“But by around 2000, with the spread of the World Wide Web, the averaging or flattening of information in the internet culture progressed, and I thought the whole world had become a Superflat society.”
The era coincided with a fascinating reversal of cultural exchange, with Japanese animation and gaming content suddenly being embraced across the world. “I think this indicates that people around the world are now able to resonate with the narrative based on the Japanese ‘loser’ mentality,” says Murakami.
“In Japan in the late 1970s, the-good-punishing-the-evil narrative structure was no longer viable, and good and evil were interpreted in different ways depending on one’s perspective. The logic of the loser, that is, came to be properly narrated.
“A good example is the robot anime genre, like Gundam and [Neon Genesis] Evangelion. Stories in which battling characters are in conflict with themselves as well as each other, narratives that converge on outcomes that are far from justice, are becoming the norm.”
The artist says this trend has survived the emergence of 3D animation in the US, which he traces back to the success of Toy Story (1995). Not only were the production costs of 3D graphics too high for the Japanese film industry, audiences simply were not interested in seeing Japanese 3D animation, he says. Theirs was a two-dimensional visual heritage.
“Perhaps, in a sense, because of this taste and tendency, the world of Japanese visual expression still indirectly preserves the geisha dance and kabuki, the styles involving two-dimensional spatial designs.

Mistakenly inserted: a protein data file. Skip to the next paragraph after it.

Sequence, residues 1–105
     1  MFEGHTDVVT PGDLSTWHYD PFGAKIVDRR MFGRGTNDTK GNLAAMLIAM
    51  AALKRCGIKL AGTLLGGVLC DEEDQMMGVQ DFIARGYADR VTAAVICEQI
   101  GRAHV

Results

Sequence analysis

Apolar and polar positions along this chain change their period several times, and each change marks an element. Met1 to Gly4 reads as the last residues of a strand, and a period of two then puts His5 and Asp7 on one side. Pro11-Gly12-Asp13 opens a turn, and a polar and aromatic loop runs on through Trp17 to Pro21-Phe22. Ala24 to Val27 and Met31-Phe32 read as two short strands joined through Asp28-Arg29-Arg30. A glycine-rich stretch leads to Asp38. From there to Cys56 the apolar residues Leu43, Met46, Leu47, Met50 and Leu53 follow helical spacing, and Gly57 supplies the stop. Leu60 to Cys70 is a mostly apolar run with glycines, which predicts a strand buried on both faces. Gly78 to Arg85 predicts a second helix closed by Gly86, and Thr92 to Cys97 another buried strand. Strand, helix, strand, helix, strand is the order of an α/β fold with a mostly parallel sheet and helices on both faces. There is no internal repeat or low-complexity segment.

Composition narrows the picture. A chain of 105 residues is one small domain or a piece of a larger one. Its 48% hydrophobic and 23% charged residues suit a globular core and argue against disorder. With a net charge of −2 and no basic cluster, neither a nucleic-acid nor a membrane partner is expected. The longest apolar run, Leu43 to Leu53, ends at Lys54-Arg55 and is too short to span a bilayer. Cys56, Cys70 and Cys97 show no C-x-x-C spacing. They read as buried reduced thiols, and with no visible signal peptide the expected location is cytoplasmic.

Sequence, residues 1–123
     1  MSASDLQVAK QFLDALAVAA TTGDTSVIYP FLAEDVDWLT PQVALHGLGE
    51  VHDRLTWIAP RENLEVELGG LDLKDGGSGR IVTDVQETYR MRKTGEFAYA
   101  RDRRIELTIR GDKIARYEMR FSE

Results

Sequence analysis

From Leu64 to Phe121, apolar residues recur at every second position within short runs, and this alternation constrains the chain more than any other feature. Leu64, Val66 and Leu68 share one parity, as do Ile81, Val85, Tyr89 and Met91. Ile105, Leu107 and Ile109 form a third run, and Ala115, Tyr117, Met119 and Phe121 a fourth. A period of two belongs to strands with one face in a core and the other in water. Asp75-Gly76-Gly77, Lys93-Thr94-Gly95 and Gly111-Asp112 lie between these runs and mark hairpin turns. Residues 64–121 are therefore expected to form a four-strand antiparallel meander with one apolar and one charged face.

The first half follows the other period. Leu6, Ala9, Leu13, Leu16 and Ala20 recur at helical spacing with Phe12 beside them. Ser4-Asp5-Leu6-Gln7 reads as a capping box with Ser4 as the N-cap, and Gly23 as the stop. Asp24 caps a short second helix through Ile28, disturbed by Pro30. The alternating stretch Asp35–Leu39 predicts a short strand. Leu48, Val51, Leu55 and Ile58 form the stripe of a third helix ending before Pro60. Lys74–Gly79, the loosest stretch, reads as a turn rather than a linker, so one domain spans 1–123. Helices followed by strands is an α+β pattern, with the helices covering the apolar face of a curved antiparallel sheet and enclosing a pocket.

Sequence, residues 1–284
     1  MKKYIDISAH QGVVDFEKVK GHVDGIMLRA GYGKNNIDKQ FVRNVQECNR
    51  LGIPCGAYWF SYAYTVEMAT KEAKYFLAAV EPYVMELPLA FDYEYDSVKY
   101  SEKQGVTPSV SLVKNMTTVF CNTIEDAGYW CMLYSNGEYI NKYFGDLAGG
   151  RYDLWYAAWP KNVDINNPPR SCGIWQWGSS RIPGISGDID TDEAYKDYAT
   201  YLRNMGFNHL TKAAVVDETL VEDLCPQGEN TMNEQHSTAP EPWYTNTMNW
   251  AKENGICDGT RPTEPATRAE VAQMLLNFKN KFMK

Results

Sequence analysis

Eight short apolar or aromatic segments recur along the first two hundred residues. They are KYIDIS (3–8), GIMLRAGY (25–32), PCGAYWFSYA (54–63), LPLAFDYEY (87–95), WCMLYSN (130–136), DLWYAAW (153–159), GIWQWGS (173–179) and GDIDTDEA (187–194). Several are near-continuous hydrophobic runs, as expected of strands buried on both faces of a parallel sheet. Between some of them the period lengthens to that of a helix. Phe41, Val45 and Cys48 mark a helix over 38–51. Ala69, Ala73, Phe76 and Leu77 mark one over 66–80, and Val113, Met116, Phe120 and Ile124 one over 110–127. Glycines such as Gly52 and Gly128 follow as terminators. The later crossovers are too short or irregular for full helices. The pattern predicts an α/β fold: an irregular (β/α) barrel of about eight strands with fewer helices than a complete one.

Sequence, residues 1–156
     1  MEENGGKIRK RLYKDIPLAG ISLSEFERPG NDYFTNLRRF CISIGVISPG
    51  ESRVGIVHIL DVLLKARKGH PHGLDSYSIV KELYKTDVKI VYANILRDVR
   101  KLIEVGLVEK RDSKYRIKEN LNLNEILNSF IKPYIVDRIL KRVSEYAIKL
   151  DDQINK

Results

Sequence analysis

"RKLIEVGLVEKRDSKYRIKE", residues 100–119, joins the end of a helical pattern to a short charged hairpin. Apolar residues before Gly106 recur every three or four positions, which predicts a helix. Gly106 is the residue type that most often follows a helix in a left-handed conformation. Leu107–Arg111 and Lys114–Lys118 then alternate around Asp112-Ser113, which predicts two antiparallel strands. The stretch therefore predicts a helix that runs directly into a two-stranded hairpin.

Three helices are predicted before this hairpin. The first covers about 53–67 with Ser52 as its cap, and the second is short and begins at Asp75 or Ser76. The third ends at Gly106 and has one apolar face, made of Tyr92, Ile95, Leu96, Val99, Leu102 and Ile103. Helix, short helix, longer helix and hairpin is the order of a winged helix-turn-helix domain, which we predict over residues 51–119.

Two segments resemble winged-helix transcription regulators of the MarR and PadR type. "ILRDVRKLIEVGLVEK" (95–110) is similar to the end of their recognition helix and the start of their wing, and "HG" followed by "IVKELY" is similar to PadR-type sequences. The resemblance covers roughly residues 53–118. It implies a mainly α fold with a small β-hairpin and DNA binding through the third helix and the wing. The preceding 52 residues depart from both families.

“The kimono is also not three-dimensional like western clothing, but is conceived from a single piece of cloth. Issey Miyake’s concept of creating his clothing from one piece of fabric has conceptualised this practice and his products embodied it.
“This 2D composition is nothing like Leonardo da Vinci or Michelangelo’s works; it is only the wandering of the eye across the 2D plane that gives the painting its vitality. There are very similar conditions in the painting industry as there are in the animated movie industry. So, Toy Story is like the Michelangelo and my work is something like the flat animation or the flat Japanese style of painting from the Edo period.”
Murakami says today’s generation of Japanese artists are more confident drawing from their own culture — and are able to sell well in their local markets. But, he adds: “Young Japanese artists still seem to be timid, and they aren’t eager to go out of the country.”
However, he was never affected by such timidity. In 2001, he founded Kaikai Kiki Co, Ltd, a company that supports emerging artists by mounting exhibitions and selling merchandise, among other activities. The next year, he sparked up the controversial relationship with Louis Vuitton — re-imaging the brand’s signature monogram with injections of bright colour for the spring/summer 2003 Monogram Multicolore collection.
“When Louis Vuitton released my products, they sold explosively, yet the auction price of my art went down. People had mistakenly thought, ‘Ah, Takashi has started presenting his work to the mass market instead of the art market’.